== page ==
Meet Our Retirees
“A Wonderful Life” in Elizabeth City
Meet the Madrins
Following busy careers that kept them working long hours and on the go, Beverly and Buddy Madrin relocated from Raleigh to Elizabeth City 13 years ago to retire. Theirs hasn’t been a golf-in-the-morning and cocktails-at-sunset kind of retirement, however. Between their volunteer commitments and extracurricular interests, the vivacious couple continues to keep a busy schedule.
The Madrins met in Raleigh when Buddy was a senior at N.C. State University and Beverly a junior at East Carolina University. A mutual friend brought them together when Beverly was visiting friends in Raleigh and needed a ride to the bus station. Buddy said yes. Beverly said why not? And they married two years later.
“I knew a good thing when I saw him, and he did too,” said Beverly.
From there, they spent the next 25+ years living and working in Fayetteville, Charlotte, Matthews, Greenville and finally Raleigh, nurturing their professions and raising their daughter, Amber. Buddy enjoyed a long career in the food industry before opening a successful home renovation and remodeling company in the capital city. Beverly worked in education, as a teacher, administrator, consultant and in textbook publishing for the N.C. Department of Public Instruction, and later Houghton Mifflin and other educational publishing companies.
“I was boarding a plane every Monday,” said Beverly. “If I wasn’t going to one of the states in my publishing territory, I was going somewhere else to do a presentation. It was constant.”
Throughout the years, Elizabeth City beckoned. Buddy grew up in the “Harbor of Hospitality” and still had family and friends in the area, and they owned river-front property, an investment they’d made years ago.
“The idea of relocating to the area became more and more attractive to us,” said Beverly. “We were so deep in our careers that we didn’t have much down time or play time. And when you have that much time vested in your job, you don’t really have the circle of friends you’d like, or the commitment to the community.”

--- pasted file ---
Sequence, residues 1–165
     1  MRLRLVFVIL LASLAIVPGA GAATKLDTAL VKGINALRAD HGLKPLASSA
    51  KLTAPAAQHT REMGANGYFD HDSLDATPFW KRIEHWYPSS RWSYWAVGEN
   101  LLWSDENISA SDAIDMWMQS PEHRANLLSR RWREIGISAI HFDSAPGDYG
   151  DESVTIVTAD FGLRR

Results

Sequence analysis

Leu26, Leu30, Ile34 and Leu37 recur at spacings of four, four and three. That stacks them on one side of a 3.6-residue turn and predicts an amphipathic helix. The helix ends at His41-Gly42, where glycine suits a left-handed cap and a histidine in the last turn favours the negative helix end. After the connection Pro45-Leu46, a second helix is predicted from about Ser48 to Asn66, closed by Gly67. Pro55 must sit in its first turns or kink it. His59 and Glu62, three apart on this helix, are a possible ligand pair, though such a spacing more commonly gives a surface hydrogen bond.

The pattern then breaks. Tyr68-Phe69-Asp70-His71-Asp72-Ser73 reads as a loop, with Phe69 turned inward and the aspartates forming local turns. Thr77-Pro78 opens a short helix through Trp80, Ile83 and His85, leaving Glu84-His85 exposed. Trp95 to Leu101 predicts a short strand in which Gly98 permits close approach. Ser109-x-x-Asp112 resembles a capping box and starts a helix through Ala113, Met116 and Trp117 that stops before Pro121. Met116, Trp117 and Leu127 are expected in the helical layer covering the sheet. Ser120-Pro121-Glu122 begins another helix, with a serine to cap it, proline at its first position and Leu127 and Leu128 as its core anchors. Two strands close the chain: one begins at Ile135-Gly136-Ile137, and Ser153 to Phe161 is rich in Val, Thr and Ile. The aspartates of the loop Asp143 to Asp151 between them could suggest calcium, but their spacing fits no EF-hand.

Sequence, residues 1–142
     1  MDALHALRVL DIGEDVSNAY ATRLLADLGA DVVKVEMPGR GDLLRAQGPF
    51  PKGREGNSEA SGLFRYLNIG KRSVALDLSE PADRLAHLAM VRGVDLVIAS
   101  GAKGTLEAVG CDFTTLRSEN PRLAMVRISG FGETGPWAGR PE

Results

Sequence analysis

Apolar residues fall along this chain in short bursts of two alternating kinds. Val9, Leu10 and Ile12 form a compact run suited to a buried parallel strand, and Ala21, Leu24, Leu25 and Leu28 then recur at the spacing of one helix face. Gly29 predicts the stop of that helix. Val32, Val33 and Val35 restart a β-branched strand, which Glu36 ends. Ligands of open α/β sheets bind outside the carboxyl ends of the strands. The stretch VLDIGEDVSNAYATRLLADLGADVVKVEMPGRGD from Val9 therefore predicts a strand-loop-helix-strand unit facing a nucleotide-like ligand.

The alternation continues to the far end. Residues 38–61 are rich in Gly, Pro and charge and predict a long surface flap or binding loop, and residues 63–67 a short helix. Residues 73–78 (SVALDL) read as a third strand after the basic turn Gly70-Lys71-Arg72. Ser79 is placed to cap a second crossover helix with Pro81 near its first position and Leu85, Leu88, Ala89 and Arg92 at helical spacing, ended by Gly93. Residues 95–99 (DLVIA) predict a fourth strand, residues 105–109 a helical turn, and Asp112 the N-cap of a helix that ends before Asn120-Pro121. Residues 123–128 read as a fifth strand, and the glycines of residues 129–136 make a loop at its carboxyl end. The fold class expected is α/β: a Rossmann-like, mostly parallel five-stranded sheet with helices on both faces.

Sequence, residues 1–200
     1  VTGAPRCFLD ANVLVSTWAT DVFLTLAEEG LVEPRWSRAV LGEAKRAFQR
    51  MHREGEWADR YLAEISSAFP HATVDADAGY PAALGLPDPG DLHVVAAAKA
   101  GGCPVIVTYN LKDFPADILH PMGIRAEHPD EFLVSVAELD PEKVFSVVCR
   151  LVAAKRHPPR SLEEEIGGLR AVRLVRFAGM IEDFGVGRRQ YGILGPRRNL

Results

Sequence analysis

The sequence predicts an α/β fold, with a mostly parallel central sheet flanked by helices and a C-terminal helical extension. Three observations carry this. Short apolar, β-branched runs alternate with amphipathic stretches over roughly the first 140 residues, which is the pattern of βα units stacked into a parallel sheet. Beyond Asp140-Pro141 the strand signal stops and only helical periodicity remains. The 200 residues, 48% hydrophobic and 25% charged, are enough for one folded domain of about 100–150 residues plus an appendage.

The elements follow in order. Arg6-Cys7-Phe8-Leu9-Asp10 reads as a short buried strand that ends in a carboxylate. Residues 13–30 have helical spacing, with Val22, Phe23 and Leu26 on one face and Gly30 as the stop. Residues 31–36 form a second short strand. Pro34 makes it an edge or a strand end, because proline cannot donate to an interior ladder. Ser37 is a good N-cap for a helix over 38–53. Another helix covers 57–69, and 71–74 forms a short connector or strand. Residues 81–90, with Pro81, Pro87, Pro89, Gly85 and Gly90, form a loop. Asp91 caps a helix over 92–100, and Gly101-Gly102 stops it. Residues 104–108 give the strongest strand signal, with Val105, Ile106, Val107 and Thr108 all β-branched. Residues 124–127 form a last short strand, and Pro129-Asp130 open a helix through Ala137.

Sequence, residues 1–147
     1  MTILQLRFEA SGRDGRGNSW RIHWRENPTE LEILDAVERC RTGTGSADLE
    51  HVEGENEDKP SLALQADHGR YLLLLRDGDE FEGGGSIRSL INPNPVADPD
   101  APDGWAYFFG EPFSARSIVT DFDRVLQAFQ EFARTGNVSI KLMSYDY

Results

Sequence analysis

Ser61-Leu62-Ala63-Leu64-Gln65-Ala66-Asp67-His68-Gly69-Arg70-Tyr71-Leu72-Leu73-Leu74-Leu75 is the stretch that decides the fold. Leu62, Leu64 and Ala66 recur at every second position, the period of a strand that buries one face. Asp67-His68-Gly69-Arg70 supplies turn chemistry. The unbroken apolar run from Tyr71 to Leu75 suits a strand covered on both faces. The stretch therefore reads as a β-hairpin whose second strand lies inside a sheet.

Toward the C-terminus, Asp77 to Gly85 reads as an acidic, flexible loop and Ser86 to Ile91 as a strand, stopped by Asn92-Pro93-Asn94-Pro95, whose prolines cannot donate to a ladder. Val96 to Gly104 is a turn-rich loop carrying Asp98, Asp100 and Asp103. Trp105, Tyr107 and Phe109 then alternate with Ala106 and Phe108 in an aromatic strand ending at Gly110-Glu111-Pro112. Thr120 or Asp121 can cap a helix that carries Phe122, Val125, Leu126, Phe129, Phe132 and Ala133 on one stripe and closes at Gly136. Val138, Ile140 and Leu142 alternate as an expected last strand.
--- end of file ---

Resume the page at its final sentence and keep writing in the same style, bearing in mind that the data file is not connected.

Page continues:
In 2003, they were ready for a change. The Madrins left their jobs, said good-bye to Raleigh and moved into their newly built home in the Elizabeth City’s Brickhouse Point neighborhood on the Pasquotank River. Immediately, they put their collective energy into community service.
They joined Christ Episcopal Church and became involved with parish outreach activities. Beverly helped kick-start the promotion of the Designer House series, a showcase for the region’s interior and landscape designers and a successful Arts of the Albemarle fundraiser for three years. Buddy put his contracting skills to good use, building sets for The Center Players young theater group and display units for Port Discover Hands-on Science Center. And, throughout the years, they both served on a number of boards, mostly for nonprofit groups.
“My Mom always told me, when you get old enough and see things that need to be done, you just do them and nobody needs to know,” said Buddy.
Beverly also took time to re-engage a part-time career she began in Raleigh. In Elizabeth City, she worked as a team-building consultant for businesses and universities in the area, and she held professional image seminars and speaking engagements as an active member of the National Speakers Association. She was among the “Women of Excellence” in 2012, named by the Elizabeth City Area Chamber of Commerce.
These days, when the active couple is ready to relax, they enjoy the “Music on the Green,” summer film festivals at Mariners’ Wharf, First Friday ArtWalk events, day trips to the nearby Outer Banks and attending special events, like the N.C. Potato Festival.
Sometimes, it’s hard to choose.
“We’ve had instances when we had to pick from three things to do,” said Buddy. If people say they can’t find something to do in Elizabeth City, they’re not looking hard enough.”